Natalia is a Brazilian journalist currently based in London.
She has worked as an investigative reporter for the influential political magazine Caros Amigos, as a correspondent for US newscast Free Speech Radio News and for the UK agency Global Radio News.
Natalia’s first book, Plantados no chao (Planted in the earth) came out in Brazil in June 2007. It exposes political assassinations in Brazil in recent years. She was awarded two national prizes for her investigative work and a scholarship from the British Council to study for a masters degree in London.
Why did you decide to focus on social and human rights issues?
Actually I didn’t take that decision; it was a natural path. When I started working in journalism I soon realised how important it is for a reporter to expose inequalities that are not being addressed.
In Brazil, the mainstream media gives little attention to social issues and the real problems that people face. I suppose that’s because our media is owned by a handful of private companies, each one of them with their own political agenda. It is very common for congressmen to own TV channels and radio stations, even though it is against the law. So the day-by-day political coverage ends up being no more than a party-led political dispute.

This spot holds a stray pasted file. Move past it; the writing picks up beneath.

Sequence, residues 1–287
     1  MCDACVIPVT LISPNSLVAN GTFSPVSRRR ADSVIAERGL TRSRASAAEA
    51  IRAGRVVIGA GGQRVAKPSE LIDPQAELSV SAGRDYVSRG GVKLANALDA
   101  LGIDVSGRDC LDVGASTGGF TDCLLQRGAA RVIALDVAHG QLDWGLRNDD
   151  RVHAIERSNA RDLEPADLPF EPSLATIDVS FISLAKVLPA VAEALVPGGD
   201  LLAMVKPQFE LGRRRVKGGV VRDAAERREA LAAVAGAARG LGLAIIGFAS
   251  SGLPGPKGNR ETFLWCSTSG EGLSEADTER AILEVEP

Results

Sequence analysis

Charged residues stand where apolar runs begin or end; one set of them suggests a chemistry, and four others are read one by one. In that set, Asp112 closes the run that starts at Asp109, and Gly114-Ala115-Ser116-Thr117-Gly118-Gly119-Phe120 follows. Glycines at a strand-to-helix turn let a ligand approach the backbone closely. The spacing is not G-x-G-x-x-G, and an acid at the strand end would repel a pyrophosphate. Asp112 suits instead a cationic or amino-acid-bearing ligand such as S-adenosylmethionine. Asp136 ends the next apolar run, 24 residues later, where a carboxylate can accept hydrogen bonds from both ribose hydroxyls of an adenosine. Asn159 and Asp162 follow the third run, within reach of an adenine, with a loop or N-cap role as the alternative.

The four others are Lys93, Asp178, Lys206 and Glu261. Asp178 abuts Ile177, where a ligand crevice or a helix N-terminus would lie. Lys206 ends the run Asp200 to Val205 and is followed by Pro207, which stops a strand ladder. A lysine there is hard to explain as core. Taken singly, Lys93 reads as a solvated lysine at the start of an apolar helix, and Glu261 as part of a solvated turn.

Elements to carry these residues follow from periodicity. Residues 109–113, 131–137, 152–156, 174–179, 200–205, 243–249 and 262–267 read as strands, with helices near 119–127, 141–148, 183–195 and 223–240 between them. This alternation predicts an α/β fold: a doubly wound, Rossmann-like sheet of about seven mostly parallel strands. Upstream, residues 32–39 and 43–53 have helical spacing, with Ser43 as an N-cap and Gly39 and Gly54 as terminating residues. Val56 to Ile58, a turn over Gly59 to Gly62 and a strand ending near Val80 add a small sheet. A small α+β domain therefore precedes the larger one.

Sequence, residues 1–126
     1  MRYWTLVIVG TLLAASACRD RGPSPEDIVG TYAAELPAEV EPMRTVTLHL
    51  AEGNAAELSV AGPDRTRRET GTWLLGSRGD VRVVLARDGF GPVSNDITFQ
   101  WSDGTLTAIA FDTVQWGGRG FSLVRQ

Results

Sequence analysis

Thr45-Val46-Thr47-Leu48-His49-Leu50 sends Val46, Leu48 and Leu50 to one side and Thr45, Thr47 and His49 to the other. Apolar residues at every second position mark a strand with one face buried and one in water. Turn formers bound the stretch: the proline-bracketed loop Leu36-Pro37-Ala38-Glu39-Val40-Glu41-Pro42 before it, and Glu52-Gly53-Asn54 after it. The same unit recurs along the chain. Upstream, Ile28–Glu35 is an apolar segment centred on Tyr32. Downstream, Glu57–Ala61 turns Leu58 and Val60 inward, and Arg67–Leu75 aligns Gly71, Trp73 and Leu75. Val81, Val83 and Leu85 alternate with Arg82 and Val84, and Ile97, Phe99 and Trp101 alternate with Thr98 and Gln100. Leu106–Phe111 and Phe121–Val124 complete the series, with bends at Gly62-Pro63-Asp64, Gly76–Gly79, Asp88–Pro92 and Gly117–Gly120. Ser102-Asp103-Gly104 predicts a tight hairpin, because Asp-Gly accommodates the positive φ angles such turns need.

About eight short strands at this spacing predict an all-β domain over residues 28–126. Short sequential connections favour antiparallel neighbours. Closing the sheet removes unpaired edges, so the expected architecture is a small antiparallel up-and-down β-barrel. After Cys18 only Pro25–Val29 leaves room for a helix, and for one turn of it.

In what way do you believe your work is changing that?
I believe I am part of a trend in Brazilian media in which independent voices are trying to find a way to report about poverty, social issues and development. We are now starting to be heard and more small, independent vehicles are appearing. I think the internet has helped a lot, because now people can find the information they want. It gives them the right to say what they want to know. So in a way, the big media is being forced to listen a little bit.
How do you think your journalism has changed over the years?
Reporting on social issues outside South America has been extremely enriching. I think it has showed me that even though media coverage is still quite regional, some issues concern people all over the world. It is a shame that multinationals are able to cross borders so easily while journalism is still very local and limited.
I think by learning about the stories, experiences and struggles of other people, every society would be better prepared to face its own challenges. That’s why I admire the work of Panos. I wish we had something similar in Portuguese.